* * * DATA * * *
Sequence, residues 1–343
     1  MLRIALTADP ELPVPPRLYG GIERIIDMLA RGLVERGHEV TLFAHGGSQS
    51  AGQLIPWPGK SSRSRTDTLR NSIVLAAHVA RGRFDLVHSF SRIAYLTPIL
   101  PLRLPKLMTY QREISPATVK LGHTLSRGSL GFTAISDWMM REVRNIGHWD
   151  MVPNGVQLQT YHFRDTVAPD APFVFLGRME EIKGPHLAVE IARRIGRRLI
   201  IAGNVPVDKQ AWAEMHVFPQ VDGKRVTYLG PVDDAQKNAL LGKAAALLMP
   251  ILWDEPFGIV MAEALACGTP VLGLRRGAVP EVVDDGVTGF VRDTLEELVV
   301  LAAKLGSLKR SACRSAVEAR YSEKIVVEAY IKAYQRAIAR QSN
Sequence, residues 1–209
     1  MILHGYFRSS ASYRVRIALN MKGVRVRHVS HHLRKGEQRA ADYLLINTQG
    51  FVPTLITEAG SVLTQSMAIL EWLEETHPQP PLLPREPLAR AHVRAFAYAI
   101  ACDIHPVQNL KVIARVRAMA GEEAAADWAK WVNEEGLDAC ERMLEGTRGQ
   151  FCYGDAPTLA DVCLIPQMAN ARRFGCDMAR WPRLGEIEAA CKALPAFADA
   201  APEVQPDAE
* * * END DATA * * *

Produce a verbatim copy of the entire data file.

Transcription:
Sequence, residues 1–343
     1  MLRIALTADP ELPVPPRLYG GIERIIDMLA RGLVERGHEV TLFAHGGSQS
    51  AGQLIPWPGK SSRSRTDTLR NSIVLAAHVA RGRFDLVHSF SRIAYLTPIL
   101  PLRLPKLMTY QREISPATVK LGHTLSRGSL GFTAISDWMM REVRNIGHWD
   151  MVPNGVQLQT YHFRDTVAPD APFVFLGRME EIKGPHLAVE IARRIGRRLI
   201  IAGNVPVDKQ AWAEMHVFPQ VDGKRVTYLG PVDDAQKNAL LGKAAALLMP
   251  ILWDEPFGIV MAEALACGTP VLGLRRGAVP EVVDDGVTGF VRDTLEELVV
   301  LAAKLGSLKR SACRSAVEAR YSEKIVVEAY IKAYQRAIAR QSN
Sequence, residues 1–209
     1  MILHGYFRSS ASYRVRIALN MKGVRVRHVS HHLRKGEQRA ADYLLINTQG
    51  FVPTLITEAG SVLTQSMAIL EWLEETHPQP PLLPREPLAR AHVRAFAYAI
   101  ACDIHPVQNL KVIARVRAMA GEEAAADWAK WVNEEGLDAC ERMLEGTRGQ
   151  FCYGDAPTLA DVCLIPQMAN ARRFGCDMAR WPRLGEIEAA CKALPAFADA
   201  APEVQPDAE